BILLINGS, Mont. (AP) — Wildlife workers and volunteers scrambled Wednesday to save thousands of fish stranded by an abrupt drop in water levels along a Montana river that's renowned among anglers for its high-quality trout fishing.
A gate that lets water out of Hebgen Dam just west of Yellowstone National Park malfunctioned and caused flows into the Madison River to plummet early Tuesday morning, according to dam operator NorthWestern Energy.
That left side channels cut off from the main river and some areas with no water.
Photos from the scene showed dead trout and other fish lying on exposed rock beds that normally would be covered with water at this time of year.
More fish were at risk in the cut-off side channels and there was concern that exposed trout eggs could perish, fly fishing shop owner Kelly Galloup said.
Galloup said bigger trout likely moved to deeper pools as water levels dropped. But he expected an impact on fish born last year that were too small to escape the sudden drop in flows.
The Madison is a highly regarded “blue-ribbon” trout fishery that flows out of Yellowstone National Park in Wyoming and eventually feeds into the Missouri River. Hebgen dam is used to control water flows for downstream hydroelectric plants.
Volunteers on Tuesday began scooping fish out of the channels and returning them to the main stem of the river. That work continued Wednesday, and Montana Fish, Wildlife and Parks officials closed down fishing along the upper river until full flows can be restored.
“We scooped yesterday all day on the upper river,” Galloup said. “We’re just concentrating on the side channels, trying to rescue whatever we can find.”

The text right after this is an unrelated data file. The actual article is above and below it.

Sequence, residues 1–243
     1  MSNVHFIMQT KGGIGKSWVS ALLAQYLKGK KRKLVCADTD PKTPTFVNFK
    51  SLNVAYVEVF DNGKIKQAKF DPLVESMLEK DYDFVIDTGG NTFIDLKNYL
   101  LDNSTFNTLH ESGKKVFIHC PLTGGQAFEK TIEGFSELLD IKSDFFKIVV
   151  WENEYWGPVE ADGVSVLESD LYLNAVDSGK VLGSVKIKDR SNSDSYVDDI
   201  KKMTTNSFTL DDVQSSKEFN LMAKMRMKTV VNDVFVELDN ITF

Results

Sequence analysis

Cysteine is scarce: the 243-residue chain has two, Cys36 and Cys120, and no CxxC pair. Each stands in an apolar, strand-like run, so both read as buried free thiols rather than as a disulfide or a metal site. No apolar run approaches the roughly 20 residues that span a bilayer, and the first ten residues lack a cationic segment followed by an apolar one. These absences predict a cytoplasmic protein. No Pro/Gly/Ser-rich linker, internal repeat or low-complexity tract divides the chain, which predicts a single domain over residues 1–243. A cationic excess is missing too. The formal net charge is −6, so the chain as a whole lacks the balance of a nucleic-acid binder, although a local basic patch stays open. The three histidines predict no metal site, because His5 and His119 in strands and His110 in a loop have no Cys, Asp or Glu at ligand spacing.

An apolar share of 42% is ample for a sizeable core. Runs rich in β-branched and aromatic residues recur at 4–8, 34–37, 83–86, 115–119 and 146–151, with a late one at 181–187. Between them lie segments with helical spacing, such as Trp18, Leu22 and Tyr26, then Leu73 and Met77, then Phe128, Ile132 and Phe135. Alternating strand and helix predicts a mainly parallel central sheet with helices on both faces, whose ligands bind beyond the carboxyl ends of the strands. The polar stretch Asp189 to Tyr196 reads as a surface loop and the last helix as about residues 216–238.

More than 100 volunteers took part in the effort to save the stranded fish, using nets to catch thousands of them before they were transferred to the portion of the river that was still flowing, said Morgan Jacobsen, a spokesperson for Fish, Wildlife and Parks.
“The turnout was huge,” said Chris Bianchi, who works at Galloup's Slide Inn fly-fishing shop. “There were people everywhere that there was a side channel...The overall consensus was the (lower) section of the river was in a lot better shape than we thought it would be when we woke up.”
Most of the fish saved were sculpin with a small number of trout, Jacobsen said.
How much damage was inflicted on the fishery won’t be known until possibly next year, when biologists will be able to get a better gauge of how much the low water impacted trout spawning areas, Jacobsen said.
A component needed to fix the failed gate was en route to the site, with repair work anticipated to start Wednesday evening, said Jeremy Clotfelter, director of hydro operations for Northwestern Energy.
“We know what failed but we don't know how it failed or why it failed,” Clotfelter said. He add that it would take “a couple of hours” to install the replacement component.
Workers had earlier started releasing water over the dam's spillway, which provided a small increase in flows, said NorthWestern Energy spokesperson Jo Dee Black.